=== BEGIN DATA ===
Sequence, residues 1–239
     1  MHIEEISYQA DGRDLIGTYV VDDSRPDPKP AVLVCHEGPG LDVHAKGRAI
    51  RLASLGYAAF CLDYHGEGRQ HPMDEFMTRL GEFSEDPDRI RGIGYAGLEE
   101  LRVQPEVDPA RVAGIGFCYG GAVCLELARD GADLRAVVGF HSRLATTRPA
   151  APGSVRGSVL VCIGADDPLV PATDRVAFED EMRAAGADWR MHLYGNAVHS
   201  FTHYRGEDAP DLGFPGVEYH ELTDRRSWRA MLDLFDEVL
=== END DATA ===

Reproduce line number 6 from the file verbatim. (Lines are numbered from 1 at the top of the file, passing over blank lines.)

   201  FTHYRGEDAP DLGFPGVEYH ELTDRRSWRA MLDLFDEVL